Columbia Missourian, Missouri Football

Wolves huff and puff, Tigers still win

JONESBORO, Arkansas — Arkansas State players walked into the locker room wearing silly grins.

“We got ’em,” some said. “We’re ready,” said others.

On a day the college football world saw some traditional powers fall or get pushed to the brink — an upset here, an overtime squeaker there — No. 21 Missouri (2-0) would not fall in Jonesboro, fending off the Red Wolves (0-2), 27-20.

It didn’t always look that way. Quarterback Maty Mauk, the engine of the Tiger offense, was intercepted early in the second quarter. Three plays later, Arkansas State quarterback Fredi Knighten hit Tres Houston for a touchdown.

Freshman quarterback Drew Lock threw another pick on the first snap of the next drive.

“We are making a lot of our own mistakes,” Missouri coach Gary Pinkel said. “We are doing it to ourselves.”

That was Missouri’s low point. It took the Tigers a while to climb back up. The Red Wolves took a seven-point lead into half time, until Missouri sprang back in the second half with 17 points.

“There’s glimpses of us being really good,” center Evan Boehm said. “But then we just kill ourselves.”

It was also Arkansas State’s high point, to the delight of 29,143 fans. The team had a week-long pep rally called “Paint the Town Red” leading up to the game. The university just finished a renovation of the stadium’s luxury boxes. Athletics officials on a radio show at halftime called the game — and the Red Wolves’ seven-point lead — the biggest in school history.

That feeling didn’t last.

Missouri took the lead at the end of the third quarter when Mauk flipped a jump-pass to tight end Sean Culkin, who ran 21 yards for a score. Two drives earlier, he floated the ball to Wesley Leftwich, playing his first game of the season, for a 32-yard touchdown.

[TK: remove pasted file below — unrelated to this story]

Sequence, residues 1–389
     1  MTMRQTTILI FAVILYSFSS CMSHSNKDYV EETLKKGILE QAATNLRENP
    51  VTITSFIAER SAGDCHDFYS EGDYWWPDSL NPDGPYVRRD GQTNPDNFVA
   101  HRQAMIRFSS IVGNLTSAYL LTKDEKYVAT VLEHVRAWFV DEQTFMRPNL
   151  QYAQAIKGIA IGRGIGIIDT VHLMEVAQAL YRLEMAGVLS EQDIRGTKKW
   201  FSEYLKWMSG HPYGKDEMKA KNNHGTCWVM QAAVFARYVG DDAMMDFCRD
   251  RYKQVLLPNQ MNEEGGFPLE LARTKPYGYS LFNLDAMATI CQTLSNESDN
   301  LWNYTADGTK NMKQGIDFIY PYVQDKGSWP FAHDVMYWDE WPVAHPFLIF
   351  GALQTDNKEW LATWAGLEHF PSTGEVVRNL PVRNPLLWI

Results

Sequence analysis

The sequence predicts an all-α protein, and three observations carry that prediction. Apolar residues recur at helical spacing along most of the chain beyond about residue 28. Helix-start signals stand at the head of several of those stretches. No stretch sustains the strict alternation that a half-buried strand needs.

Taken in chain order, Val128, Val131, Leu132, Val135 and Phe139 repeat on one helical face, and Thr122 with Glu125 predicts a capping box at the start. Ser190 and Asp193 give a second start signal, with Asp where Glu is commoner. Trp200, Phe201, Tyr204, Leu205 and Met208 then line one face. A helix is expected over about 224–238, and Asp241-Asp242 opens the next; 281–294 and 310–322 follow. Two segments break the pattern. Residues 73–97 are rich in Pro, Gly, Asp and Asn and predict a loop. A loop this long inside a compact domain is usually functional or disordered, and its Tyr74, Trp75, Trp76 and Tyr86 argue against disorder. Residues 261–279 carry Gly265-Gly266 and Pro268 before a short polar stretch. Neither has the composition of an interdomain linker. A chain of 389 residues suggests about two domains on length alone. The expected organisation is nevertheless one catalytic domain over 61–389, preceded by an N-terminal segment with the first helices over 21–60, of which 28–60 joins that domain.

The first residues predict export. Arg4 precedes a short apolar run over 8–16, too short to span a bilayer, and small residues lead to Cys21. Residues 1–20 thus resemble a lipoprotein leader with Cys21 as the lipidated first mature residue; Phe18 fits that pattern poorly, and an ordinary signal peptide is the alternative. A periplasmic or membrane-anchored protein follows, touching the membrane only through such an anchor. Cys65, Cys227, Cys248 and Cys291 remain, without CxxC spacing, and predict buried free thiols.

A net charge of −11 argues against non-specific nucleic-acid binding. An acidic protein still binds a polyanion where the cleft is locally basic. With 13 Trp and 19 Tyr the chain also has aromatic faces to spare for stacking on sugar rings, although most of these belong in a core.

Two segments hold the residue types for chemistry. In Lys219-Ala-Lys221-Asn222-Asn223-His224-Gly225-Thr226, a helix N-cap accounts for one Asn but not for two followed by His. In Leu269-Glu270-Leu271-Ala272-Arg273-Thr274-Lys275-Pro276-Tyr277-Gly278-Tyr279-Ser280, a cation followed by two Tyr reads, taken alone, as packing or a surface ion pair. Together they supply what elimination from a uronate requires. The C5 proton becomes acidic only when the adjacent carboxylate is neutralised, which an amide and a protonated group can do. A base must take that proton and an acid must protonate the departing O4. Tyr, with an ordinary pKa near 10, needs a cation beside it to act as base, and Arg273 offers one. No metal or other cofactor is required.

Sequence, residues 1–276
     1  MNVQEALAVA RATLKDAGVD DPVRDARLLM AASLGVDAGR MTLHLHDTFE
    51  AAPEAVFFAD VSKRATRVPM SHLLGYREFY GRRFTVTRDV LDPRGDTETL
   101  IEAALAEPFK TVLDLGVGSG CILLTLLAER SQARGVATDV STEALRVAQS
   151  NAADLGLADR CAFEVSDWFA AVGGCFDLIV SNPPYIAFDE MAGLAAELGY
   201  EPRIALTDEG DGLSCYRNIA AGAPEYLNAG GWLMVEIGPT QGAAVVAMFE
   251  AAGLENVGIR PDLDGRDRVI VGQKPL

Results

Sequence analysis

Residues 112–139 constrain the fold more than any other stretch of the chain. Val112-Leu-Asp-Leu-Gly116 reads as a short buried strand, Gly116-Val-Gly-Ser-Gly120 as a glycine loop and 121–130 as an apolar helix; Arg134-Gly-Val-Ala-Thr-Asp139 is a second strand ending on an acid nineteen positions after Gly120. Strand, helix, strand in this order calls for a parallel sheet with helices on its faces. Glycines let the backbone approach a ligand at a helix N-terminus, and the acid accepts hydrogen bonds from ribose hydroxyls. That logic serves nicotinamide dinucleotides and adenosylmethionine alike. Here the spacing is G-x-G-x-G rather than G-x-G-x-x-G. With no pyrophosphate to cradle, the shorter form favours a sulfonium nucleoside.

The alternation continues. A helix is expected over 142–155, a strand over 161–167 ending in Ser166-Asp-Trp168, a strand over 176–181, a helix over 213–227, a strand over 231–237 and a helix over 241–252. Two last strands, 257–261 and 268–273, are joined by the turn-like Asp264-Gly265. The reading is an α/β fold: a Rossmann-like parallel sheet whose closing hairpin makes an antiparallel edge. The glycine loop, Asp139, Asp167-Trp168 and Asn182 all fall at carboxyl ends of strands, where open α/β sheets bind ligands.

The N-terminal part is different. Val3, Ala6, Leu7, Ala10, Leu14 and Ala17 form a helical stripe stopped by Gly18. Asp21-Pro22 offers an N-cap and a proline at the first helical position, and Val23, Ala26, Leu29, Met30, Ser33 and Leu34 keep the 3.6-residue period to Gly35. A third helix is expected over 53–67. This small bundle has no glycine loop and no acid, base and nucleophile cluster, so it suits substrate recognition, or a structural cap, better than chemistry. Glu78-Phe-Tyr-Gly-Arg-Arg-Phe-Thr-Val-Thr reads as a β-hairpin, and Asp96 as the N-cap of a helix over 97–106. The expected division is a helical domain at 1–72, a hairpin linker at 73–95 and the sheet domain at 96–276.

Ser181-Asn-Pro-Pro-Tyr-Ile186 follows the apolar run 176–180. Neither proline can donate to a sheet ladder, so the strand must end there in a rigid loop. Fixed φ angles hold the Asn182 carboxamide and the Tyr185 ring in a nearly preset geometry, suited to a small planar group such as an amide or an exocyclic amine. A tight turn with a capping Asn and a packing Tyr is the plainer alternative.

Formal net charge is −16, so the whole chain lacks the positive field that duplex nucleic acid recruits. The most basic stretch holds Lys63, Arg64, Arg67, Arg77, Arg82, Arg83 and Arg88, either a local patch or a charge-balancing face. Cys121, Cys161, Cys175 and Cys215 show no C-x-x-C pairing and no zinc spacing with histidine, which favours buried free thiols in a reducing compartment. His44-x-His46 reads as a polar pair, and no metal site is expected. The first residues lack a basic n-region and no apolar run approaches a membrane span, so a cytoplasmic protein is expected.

Late in the fourth quarter, he scrambled for 19 yards on third-and-13 to set up a field goal from Andrew Baggett.

“We got some severe problems here,” Pinkel said of his team’s off-and-on offense. “We’re just screaming for consistency in our offense. … We’re stopping ourselves a lot.”

Missouri’s bend-but-don’t-break defense took over after that. Linebacker Kentrell Brothers ripped a pass away from a Arkansas State receiver when the Red Wolves drove in the middle of the fourth quarter. He also had a game-high 16 tackles.

On back-to-back plays after a Mauk fourth-quarter interception that gave Arkansas State the ball at Missouri’s 28 yard line, Brothers and Charles Harris made tackles forcing the Red Wolves into a field goal.

Those were the last points they’d score. During a last-ditch drive, Brothers grabbed another interception on a tipped ball, sprawling out on the turf near midfield to cradle the football like an egg that fell off a kitchen counter.

“I felt like it was the most unathletic thing ever,” he said.

Linebacker Michael Scherer didn’t think so.

“I told you he had it,” Scherer told defensive line coach Craig Kuligowski after the play.

Even when it didn’t look like it on Saturday, Brothers — and ultimately his Tigers — found a way.

Headline supplied by Craig Carr of Newton, Illinois.

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